Frontiers has quickly asserted itself as a hub for seasoned hard rock artists to not only hang their hats for work, but to collaborate and form new entities. SWEET & LYNCH being one of the more recent musical marriages under the label's banner between STRYPER's Michael Sweet and guitar lord George Lynch, Frontiers now unleashes the unified trio, REVOLUTION SAINTS.
Comprised of Jack Blades (DAMN YANKEES, NIGHT RANGER, SHAW & BLADES), Doug Aldrich (DIO, WHITESNAKE) and Deen Castronovo (JOURNEY, BAD ENGLISH, CACOPHONY, WILD DOGS and the Ozzy Osbourne band), REVOLUTION SAINTS is what you should expect: sharply played, always harmonious retro hard rock. Castronovo brought his JOURNEY cohorts Arnel Pineda and Neal Schon along for a couple of cameos and thus "Revolution Saints" is lovingly played like arena doors today are still wide open for power balladeers.
"Back on My Trail" sounds like old SAGA and LION here and on much of the album, straight down to the gusting verses and elevating choruses. The song grows strength after a cautious plod in the opening verses. Deen Castronovo opens up his drum rolls to match his breezing vocals while Doug Aldrich puts more authority into his guitars and lights up a snazzy solo along the way. Accordingly, "Turn Back Time" does that very thing (as do "Locked Out of Paradise", "Dream On", "Strangers to This Life" and "Here Forever"), playing all the trump cards of Eighties hard rock with such gusting convincingness you're wont to feel a new "Iron Eagle" or "American Ninja" film and accompanying soundtrack are inevitable. Why not? We have a new "Rambo" flick on the horizon.
Arnel Pineda graces the slower power anthem "You're Not Alone", which bobs along nicely upon a tight rhythm and caressing keys and piano. Pineda's terrific, suffice it to say, as is Neal Schon, who provides extra textures to the acoustic-led, later-amped ballad, "Way to the Sun".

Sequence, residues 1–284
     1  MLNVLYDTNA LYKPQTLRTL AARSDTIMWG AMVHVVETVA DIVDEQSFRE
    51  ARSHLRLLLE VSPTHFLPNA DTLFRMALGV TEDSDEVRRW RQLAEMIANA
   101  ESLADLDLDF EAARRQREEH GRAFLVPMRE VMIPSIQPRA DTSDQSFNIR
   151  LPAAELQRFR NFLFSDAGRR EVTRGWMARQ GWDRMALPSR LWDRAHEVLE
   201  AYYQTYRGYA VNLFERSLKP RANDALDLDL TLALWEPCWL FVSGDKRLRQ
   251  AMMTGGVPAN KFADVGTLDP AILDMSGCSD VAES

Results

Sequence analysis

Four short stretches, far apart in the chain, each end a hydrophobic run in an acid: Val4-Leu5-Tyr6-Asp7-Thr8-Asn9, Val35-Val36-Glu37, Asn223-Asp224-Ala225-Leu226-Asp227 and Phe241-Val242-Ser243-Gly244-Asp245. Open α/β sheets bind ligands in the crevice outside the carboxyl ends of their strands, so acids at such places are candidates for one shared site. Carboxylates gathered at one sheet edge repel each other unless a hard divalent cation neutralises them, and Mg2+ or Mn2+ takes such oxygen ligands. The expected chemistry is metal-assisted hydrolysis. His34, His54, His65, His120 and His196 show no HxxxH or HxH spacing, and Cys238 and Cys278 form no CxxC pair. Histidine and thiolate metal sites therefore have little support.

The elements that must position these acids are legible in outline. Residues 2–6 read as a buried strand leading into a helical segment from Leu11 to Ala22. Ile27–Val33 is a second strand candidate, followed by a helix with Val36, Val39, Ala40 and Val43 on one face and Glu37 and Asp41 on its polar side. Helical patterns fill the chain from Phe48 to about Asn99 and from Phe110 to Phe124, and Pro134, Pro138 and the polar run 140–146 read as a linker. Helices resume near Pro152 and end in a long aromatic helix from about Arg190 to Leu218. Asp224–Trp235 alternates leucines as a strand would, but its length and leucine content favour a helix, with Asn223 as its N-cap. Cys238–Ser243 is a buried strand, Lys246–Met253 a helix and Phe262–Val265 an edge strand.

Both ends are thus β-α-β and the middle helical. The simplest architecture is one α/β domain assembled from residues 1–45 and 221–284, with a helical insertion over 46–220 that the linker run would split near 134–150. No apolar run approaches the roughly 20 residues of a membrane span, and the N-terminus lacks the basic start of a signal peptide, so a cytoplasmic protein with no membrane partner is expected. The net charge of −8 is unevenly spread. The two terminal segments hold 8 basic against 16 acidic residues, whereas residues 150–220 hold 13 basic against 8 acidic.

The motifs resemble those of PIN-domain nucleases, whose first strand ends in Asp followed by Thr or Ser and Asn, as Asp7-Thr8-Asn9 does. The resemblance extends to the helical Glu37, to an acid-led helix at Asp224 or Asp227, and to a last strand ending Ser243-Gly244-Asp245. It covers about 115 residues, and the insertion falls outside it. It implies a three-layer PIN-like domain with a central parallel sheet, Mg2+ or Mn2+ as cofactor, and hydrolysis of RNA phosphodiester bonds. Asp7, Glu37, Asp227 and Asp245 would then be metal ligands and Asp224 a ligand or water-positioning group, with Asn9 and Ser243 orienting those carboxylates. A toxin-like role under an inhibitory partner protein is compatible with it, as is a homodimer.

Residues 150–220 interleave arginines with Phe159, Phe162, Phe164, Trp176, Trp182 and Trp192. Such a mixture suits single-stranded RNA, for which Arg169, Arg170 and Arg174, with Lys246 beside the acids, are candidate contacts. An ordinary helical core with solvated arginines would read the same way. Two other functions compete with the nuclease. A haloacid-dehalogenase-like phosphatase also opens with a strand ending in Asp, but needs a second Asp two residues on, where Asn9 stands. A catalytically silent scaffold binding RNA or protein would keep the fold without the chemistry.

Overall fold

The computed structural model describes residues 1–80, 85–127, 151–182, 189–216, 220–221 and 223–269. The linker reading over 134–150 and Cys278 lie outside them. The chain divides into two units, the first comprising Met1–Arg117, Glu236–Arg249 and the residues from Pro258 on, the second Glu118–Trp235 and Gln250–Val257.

"Don't Walk Away" is a trusty heart-plucker that unfortunately hangs around too long at close to six minutes despite a swooning chorus that would've woven the right aroma for makeout sessions of the day. On the flipside, "To Mend a Broken Heart" stamps the album's hardest riffs and humps the always-reliable scorned love theme like a jilted champ.
While not for too many audiences outside the forty and over bracket, "Revolution Saints" is a classy, melodious and sentimental walk back to when commercial hard rock was king. An album like this in 1986 would've been an automatic chart burner and cheers to Blades, Castronovo and Aldrich for treating this moment like an automatic chart burner is imperative to their inner fabrics. The only fault of this album is that is carries its punchline one too many times, yet "Revolution Saints" will easily strike the fancy of its target audience. An obligatory "Iron Eagle" marathon is probably in order after hearing this one.